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Bezos accuses US tabloid Enquirer of 'blackmail' over intimate photos

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Jeff Bezos, CEO of tech giant Amazon Getty Images/Bloomberg/Patrick Fallon

Amazon CEO Jeff Bezos has accused the publisher of the tabloid National Enquirer, who has been described as a close friend of President Donald Trump, of trying to blackmail him over lurid photos.


Bezos, the world's richest person, owns The Washington Post, a frequent target of Trump as he assails the US media as "enemy of the people" and a source of fake news.

The Post was also one of the leading news outlets in coverage of the murder last year of Saudi journalist Jamal Khashoggi, a Post columnist.

Trump has refused to criticize Saudi Crown Prince Mohammed bin Salman, who has been widely accused of ordering the murder.

Last month Trump took aim at Bezos -- referring to him as 'Bozo' -- in what appeared to be an allusion to National Enquirer reporting of the billionaire's relationship with former news anchor and entertainment reporter Lauren Sanchez.

"So sorry to hear the news about Jeff Bozo being taken down by a competitor whose reporting, I understand, is far more accurate than the reporting in his lobbyist newspaper, the Amazon Washington Post," he tweeted.

"Hopefully the paper will soon be placed in better & more responsible hands!"

The National Enquirer accessed private text messages and last month reported that Bezos had an extramarital affair with Sanchez -- a leak that led to his divorce.

On Thursday, Bezos said the tabloid's parent company had threatened to publish intimate photographs he sent to his mistress.

In a post on the online platform Medium, Bezos said Enquirer publisher American Media Inc (AMI), led by David Pecker, a friend of Trump, had threatened to publish the photos if he did not halt an investigation into the motives behind the leak.

The Enquirer had demanded that he and security consultant Gavin de Becker, who is leading the probe, publically state they had "no knowledge or basis for suggesting that AMI's coverage was politically motivated or influenced by political forces", Bezos added.

De Becker mentioned in a recent Daily Beast interview that "strong leads point to political motives" -- and that he was interested in Lauren Sanchez's brother Michael, a vocal supporter of Trump with links to his inner circle, as a possible perpetrator.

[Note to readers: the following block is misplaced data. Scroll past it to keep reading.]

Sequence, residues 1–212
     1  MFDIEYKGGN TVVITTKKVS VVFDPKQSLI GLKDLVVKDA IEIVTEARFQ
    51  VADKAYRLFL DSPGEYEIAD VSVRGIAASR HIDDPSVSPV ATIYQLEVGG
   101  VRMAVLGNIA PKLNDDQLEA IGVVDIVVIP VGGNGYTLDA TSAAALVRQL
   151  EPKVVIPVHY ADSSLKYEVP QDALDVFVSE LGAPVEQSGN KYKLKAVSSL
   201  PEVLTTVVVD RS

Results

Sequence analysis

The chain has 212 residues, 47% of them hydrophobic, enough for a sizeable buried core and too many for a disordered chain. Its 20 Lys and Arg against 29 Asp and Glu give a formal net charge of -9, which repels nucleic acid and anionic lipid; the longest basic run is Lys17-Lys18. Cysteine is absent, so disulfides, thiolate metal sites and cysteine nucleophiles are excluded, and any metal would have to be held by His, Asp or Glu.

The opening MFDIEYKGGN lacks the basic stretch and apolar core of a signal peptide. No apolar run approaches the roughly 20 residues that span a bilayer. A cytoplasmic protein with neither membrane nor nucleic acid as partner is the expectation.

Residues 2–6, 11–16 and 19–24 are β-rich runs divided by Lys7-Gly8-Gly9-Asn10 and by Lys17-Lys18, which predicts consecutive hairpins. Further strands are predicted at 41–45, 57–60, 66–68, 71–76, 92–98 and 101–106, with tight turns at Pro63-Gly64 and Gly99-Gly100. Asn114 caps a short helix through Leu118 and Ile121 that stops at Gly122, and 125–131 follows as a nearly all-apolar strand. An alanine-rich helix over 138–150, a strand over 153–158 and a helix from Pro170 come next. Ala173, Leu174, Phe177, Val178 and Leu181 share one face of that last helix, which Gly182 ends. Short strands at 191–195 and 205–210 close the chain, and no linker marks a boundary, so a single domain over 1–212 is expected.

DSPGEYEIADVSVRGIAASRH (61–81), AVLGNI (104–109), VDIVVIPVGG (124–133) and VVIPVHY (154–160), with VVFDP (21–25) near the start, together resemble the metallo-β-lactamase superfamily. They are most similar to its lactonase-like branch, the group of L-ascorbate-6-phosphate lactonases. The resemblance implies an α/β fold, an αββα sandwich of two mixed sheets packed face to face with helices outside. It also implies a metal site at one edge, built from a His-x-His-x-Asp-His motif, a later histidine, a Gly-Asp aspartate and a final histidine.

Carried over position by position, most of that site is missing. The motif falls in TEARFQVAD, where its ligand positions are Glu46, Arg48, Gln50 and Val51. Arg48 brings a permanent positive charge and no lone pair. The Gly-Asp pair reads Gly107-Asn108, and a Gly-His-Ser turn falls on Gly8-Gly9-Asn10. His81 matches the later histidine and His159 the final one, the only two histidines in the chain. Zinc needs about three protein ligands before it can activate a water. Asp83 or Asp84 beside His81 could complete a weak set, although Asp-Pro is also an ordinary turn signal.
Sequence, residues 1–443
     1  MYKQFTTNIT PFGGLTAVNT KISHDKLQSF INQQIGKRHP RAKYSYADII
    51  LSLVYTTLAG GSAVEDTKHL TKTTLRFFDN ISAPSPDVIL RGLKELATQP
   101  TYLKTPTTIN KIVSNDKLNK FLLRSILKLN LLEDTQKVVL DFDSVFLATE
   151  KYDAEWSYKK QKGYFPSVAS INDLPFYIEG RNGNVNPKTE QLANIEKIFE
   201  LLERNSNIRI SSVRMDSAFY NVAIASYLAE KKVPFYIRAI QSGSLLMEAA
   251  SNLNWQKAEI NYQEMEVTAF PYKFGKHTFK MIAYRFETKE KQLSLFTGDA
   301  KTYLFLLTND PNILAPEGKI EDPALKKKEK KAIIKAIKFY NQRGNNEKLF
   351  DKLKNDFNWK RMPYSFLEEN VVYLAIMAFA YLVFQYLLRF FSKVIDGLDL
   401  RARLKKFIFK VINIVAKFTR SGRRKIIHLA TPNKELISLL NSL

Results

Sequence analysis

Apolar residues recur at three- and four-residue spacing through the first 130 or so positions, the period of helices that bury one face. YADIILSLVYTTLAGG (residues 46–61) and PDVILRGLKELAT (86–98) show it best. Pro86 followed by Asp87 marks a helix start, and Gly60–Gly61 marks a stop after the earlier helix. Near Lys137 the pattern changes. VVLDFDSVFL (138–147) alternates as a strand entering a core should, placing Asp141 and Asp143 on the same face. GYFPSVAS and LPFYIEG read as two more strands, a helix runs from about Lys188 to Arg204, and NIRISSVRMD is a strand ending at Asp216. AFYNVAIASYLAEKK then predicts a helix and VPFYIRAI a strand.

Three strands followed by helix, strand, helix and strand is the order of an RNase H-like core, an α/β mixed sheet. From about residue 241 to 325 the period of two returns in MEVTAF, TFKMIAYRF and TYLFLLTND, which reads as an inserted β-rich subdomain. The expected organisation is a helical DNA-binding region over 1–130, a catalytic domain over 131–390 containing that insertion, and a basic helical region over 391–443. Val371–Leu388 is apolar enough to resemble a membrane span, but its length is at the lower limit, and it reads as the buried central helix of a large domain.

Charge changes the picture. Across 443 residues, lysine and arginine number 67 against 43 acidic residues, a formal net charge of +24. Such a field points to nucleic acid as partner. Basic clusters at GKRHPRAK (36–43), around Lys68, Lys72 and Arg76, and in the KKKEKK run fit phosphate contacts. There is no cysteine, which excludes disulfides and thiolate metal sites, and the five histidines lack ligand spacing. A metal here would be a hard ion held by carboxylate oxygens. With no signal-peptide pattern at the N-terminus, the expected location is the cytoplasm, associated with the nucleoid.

In his Medium post, Bezos pointed to AMI and Pecker's previous cooperation with Trump -- including payments made to suppress negative stories, currently under investigation by federal prosecutors. One involves a former Playboy model who said she had an affair with Trump.

The hush-money payment, and a similar one to another woman, was made on the eve of Trump's 2016 presidential election victory.

Trump is suspected of campaign finance violations because of the disbursements on grounds they were made to affect the outcome of the vote and should therefore have been reported to government campaign monitors.

In a deal announced with federal prosecutors late last year, AMI said it would cooperate with those prosecutors. It admitted that before the election it had paid $150,000 to the ex-model, Karen McDougal, to silence her allegations of an affair with Trump. Prosecutors said they would not charge AMI.

Bezos, his newspaper and Amazon are all regular targets of Trump on Twitter.

Bezos, in his post, also raised what he called AMI's links to Saudi Arabia.

"My ownership of the Washington Post is a complexifier for me. It's unavoidable that certain powerful people who experience Washington Post news coverage will wrongly conclude I am their enemy," Bezos wrote in the blog post.

"President Trump is one of those people, obvious by his many tweets. Also, The Post's essential and unrelenting coverage of the murder of its columnist Jamal Khashoggi is undoubtedly unpopular in certain circles."

He added: "Rather than capitulate to extortion and blackmail, I've decided to publish exactly what they sent me, despite the personal cost and embarrassment they threaten," Bezos wrote. His post, entitled "No thank you, Mr. Pecker", included copies of emails from AMI.

"Of course I don't want personal photos published, but I also won't participate in their well-known practise of blackmail, political favors, political attacks, and corruption. I prefer to stand up, roll this log over, and see what crawls out," he added.